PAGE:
Monday, February 24, 2014

Today's Fathers.

This statue of father and son can be found at Sacred Heart Hospital at Riverbend, in Eugene, Oregon, in the maternity waiting room. Here families wait to see the newborns.

The sculptor is a young man who was raised by his father. I do not remember his name.

Within my lifetime the role of fathers has evolved to include so much more than my father ever knew; or that my husband ever knew. Yes, my husband was in the delivery room for my last child, and then went home to collapse. He returned, well rested, and was able to help me with the baby for the amount of time that "visitors" were allowed to remain in the mother's room. Then, he was sent home too.

He was given leave from work to be with his recuperating wife for a total of ten days, during which he was  overwhelmed with all the care his infant required, and all the attention his wife paid this new interloper. He confesses that he looked forward to returning to work.

When my daughter had her baby last December, her husband was in the delivery room the entire time and stayed with her and the baby the entire hospital stay, day and night, sleeping in the same room. Thanks to the Family Leave Act he was able to take ten weeks off his job to get his baby up and going during the crucial months after birth. He and his wife have bonded with baby Nico from his first breath.

Today's fathers will be more understanding, more generous, and more connected to their children than our fathers were. What a wonderful world for baby Nico to grow up in.

Thursday, February 13, 2014

I'll be seeing you..

Color. Our eyes look for it and rejoice. 
We are having a mild winter by past experience. Still...
Heaven help those in the East...

Tuesday, February 4, 2014

Each Decade has its Cadence

We notice children's growth, big ones in the first year. Then, as childhood unfolds in big ribbons of equal length, first word, first tooth, first steps, until school starts and new markers appear on the refrigerator, first smiley face, first A, first Citizen of the month.

A child fills the house with artifacts. Everything on shelves, in the garage, in bedrooms and playrooms marks the long decades of our lives with children.

Around the time our children reach middle school we begin to look ahead, at the adult they will become, the skills they will need, the connections and relationships they will make, the dangers they will encounter. We can be sure that worrying about their progress will take more of our time than worrying about anything else in our lives. We are parents for most of our adult lives, caring, sharing and worrying about our children's lives.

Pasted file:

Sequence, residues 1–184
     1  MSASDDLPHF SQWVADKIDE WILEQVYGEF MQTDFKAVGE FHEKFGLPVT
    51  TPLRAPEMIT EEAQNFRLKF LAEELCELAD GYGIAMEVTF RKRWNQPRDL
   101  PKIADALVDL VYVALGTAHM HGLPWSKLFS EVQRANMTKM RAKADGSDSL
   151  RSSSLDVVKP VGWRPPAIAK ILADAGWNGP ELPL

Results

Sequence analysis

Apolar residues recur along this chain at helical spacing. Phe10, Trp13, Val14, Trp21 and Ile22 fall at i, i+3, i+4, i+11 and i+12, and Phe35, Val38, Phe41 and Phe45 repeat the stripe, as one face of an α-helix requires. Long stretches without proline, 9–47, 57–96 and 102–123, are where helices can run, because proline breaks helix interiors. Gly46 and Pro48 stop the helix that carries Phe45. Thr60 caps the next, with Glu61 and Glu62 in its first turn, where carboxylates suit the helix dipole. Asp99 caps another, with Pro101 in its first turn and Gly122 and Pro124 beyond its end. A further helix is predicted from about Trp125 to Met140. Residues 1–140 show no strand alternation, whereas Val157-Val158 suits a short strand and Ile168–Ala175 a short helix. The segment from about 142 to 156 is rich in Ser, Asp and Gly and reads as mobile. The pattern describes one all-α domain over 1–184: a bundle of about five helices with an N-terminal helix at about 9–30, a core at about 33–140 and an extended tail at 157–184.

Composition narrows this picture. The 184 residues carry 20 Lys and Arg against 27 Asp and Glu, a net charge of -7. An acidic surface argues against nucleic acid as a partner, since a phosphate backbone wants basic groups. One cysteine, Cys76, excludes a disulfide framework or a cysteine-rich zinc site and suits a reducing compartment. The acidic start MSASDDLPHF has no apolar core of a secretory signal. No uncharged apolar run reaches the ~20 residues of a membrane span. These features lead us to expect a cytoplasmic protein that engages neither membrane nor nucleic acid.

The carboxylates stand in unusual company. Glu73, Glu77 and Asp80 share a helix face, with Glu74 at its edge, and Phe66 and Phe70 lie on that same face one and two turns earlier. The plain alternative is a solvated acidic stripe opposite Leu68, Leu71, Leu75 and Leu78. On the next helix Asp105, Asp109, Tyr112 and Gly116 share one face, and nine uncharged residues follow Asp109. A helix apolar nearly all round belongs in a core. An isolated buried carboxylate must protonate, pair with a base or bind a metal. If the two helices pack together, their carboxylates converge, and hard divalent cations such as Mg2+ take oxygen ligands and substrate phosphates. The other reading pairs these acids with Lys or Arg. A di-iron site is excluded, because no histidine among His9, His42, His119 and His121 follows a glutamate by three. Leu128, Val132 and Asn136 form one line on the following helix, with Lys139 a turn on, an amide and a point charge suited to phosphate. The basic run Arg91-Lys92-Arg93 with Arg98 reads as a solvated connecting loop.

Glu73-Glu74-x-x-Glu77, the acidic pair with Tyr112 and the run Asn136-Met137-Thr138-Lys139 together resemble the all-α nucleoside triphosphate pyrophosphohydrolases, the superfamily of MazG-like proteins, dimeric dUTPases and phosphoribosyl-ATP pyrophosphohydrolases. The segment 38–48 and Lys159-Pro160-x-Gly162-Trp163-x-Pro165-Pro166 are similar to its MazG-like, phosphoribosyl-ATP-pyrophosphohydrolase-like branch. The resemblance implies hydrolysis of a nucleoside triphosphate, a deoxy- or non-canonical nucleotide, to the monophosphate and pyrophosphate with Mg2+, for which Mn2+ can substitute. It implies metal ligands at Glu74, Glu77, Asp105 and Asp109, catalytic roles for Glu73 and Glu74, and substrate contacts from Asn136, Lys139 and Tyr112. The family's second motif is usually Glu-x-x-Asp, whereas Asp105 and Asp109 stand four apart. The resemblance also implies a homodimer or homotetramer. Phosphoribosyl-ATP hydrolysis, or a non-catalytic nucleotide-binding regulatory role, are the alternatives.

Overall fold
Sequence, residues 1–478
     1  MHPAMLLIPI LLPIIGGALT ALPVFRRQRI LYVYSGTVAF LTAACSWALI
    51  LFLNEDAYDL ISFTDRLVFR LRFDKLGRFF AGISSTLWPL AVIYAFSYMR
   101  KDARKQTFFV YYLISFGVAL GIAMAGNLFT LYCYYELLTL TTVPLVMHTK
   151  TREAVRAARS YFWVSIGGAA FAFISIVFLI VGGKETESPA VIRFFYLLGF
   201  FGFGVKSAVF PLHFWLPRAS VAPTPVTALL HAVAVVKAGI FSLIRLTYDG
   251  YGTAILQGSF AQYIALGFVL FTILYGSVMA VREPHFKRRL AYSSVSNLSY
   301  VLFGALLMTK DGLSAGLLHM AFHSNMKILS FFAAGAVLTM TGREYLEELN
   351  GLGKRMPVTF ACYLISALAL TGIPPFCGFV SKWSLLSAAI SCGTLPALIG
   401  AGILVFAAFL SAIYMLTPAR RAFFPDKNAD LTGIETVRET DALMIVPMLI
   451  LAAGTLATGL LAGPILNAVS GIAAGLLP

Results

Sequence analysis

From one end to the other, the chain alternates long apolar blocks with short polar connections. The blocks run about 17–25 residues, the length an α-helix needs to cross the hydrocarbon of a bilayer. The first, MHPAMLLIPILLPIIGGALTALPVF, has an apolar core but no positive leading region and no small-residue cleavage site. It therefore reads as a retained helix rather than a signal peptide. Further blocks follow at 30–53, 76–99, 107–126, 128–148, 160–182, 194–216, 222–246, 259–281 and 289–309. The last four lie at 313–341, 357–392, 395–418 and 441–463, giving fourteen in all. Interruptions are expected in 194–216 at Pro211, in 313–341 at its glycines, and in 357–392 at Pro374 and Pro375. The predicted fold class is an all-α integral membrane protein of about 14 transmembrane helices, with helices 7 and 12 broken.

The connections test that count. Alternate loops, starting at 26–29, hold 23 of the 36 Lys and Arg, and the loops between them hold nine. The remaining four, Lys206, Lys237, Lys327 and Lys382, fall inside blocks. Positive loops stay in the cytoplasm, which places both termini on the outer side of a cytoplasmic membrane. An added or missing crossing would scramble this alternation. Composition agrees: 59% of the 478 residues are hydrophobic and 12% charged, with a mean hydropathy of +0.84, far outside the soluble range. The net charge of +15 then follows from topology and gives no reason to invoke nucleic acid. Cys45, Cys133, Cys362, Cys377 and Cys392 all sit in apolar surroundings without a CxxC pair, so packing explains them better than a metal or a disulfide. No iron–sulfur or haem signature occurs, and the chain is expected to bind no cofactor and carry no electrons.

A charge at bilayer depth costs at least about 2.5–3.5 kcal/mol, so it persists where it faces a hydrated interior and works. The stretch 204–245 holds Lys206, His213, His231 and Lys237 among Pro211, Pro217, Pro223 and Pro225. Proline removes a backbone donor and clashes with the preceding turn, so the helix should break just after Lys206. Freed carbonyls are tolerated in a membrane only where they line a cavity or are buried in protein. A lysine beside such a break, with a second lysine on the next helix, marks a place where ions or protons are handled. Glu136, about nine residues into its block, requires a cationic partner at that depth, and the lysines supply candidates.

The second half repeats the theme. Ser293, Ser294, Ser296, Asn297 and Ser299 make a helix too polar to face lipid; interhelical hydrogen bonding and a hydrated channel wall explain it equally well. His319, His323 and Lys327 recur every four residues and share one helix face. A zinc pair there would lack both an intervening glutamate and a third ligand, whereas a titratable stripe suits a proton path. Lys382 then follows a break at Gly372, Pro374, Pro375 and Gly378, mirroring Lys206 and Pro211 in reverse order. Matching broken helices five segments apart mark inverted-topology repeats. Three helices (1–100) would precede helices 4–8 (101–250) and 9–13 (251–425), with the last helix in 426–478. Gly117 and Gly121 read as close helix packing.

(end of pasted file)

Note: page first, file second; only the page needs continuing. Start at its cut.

After our children leave, we begin to see what we have become; how our house is serving us at this stage; how our future will unfold. We'll spend the next two decades shifting between caring for ourselves, and finding ways to be of use to our children.

Retirement can start on a positive note, the idea of not having to get up and going at the crack of dawn, and end up with a strange feeling: how am I to fill this day?

People who travel, stay physically active, have civic engagements, have major family extensions, all have found ways to stay engaged without much change in their rhythm and cadence. The rest of us have had to make major adjustments.

I missed my work for years after I retired. I still do.To compensate, I volunteered in the same areas, and found ways to remain active in a different mode.
As the years passed, my health needs began to change, and at that time I appreciated not having so many responsibilities to worry about. Just getting to the doctor or to a test was enough of a stress for the day. While I still miss the excitement of work, I do not miss the daily commute, the long days, the stress...

What major adjustments have you had to make?

Saturday, February 1, 2014

You never looked lovelier...

Time adorned you on this ordinary day
a few strands of silver
set off that blue
sweater on this day
at Redfish,when you smiled across the table
at the man who took this picture
who knew you better than your own mother.

Time was
when you never
had all you wanted
when the meal was finished, and it ran off before you felt
with what your life became.

In each moment, like this one through time
you never looked any lovelier.
Too bad. You would have loved all you saw
even when your eyes were tearing
and your heart was broken
by life's constant waves of grief.